In a somewhat surprising development, Boston actually had more venture capital deals than Cambridge in 2013. Ninety-seven deals were signed in Boston, vs. 78 in Cambridge. Cambridge does still hold a commanding lead in the dollar amount, however, with total funding of $820 million (down $105m from 2012), vs. $593 for Boston (up $85m from 2012). The entire Boston metro area totaled over $3 billion in funding (approximately the same as in 2012).
As reported in the Boston Globe, Boston seems to be attracting more of the very small and very early stage firms, while Kendall Square in Cambridge and Waltham in the suburbs have matured somewhat, with far more mid-sized and large established companies. In contrast, really small startups and associated venture capital firms alike are increasingly finding homes in Boston’s downtown Innovation, Financial and Leather Districts. Anecdotally, it’s a younger crowd being attracted to downtown.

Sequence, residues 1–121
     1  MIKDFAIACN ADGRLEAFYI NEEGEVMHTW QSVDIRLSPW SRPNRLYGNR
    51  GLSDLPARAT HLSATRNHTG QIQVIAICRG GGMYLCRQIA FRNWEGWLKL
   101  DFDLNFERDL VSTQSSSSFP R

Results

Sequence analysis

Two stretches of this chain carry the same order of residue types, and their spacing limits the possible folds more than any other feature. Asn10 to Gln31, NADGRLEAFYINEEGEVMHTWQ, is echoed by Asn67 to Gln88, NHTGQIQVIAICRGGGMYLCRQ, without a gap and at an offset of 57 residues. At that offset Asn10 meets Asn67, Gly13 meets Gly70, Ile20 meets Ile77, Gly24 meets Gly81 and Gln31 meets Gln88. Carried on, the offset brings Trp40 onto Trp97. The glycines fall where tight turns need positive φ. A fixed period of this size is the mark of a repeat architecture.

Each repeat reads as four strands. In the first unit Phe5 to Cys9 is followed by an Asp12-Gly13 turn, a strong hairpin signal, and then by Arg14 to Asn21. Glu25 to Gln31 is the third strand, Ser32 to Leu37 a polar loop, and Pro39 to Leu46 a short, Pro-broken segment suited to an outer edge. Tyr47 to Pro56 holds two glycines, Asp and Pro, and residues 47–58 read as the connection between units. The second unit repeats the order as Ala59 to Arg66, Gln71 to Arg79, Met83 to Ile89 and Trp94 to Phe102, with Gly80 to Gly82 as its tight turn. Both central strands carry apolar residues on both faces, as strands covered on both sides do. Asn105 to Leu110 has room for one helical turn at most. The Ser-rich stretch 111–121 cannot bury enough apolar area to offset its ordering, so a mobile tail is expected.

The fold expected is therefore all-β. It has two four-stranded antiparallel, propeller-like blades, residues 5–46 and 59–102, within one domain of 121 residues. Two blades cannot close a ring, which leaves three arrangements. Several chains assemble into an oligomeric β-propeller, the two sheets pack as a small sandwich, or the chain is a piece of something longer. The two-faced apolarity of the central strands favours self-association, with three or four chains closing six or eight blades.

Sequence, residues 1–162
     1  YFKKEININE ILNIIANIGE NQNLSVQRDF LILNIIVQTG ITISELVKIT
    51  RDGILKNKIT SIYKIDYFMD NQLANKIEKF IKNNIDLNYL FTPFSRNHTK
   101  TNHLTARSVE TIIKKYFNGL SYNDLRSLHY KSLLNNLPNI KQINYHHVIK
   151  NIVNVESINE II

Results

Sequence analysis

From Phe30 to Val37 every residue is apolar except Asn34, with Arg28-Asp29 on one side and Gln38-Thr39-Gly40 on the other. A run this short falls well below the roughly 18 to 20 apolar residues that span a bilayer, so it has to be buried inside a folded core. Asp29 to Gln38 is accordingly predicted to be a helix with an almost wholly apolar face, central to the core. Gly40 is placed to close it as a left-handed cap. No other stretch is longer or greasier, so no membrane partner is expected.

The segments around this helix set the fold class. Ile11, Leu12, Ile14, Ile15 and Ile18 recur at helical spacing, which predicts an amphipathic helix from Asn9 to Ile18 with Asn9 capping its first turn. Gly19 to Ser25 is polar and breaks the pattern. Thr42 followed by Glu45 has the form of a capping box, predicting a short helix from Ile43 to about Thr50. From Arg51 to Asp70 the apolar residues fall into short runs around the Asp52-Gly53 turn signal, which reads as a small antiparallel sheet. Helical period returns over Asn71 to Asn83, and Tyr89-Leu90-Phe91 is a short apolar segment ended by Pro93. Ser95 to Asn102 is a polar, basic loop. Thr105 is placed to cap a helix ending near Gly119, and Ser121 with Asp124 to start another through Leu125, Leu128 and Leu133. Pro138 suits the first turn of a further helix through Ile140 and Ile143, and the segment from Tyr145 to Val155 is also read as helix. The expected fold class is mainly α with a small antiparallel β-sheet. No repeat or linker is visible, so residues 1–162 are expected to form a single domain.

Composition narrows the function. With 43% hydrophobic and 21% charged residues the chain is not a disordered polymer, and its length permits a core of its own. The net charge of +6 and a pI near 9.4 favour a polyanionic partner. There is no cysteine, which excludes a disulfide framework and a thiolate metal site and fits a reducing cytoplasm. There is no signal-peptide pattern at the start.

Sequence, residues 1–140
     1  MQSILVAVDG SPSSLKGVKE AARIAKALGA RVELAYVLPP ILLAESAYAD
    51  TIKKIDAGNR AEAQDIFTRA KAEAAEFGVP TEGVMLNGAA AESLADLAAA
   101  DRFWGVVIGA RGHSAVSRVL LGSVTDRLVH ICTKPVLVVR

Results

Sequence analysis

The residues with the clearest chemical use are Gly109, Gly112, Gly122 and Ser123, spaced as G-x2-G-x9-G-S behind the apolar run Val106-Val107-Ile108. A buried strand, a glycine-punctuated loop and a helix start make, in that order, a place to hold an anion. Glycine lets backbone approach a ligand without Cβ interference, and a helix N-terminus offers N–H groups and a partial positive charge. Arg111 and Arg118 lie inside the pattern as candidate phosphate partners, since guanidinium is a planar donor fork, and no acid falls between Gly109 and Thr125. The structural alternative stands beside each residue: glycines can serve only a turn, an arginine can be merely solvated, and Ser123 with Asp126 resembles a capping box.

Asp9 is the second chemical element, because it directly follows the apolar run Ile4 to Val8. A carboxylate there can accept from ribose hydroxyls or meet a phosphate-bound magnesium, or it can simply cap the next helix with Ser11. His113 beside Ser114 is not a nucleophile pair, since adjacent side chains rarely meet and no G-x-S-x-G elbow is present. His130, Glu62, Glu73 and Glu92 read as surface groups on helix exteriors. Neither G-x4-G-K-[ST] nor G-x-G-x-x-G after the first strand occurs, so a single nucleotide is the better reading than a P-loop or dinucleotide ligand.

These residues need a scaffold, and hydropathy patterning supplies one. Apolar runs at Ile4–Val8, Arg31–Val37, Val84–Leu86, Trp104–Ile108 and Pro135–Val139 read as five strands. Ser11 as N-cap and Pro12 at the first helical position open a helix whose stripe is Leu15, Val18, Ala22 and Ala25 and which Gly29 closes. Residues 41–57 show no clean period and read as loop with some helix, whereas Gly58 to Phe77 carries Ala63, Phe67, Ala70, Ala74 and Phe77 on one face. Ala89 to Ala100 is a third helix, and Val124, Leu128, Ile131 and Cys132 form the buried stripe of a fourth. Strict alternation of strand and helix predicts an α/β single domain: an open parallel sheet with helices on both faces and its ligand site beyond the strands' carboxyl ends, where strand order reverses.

“There are more subway lines, and it’s a little hipper in the downtown in many ways because there’s better food”
Besides the tasty food, another big factor is the proximity affect. One VC firm, NextView Ventures, is an investor in 9 companies that are all within walking distance from its offices in the Leather district. Of course Cambridge and Boston are so close that you can almost walk from one to the other during your lunch hour, so parsing out Cambridge vs. Boston’s lead in VC funding is a bit of hair-splitting. What I can say is that on a clear day, I can see a surprising number of construction cranes in both cities.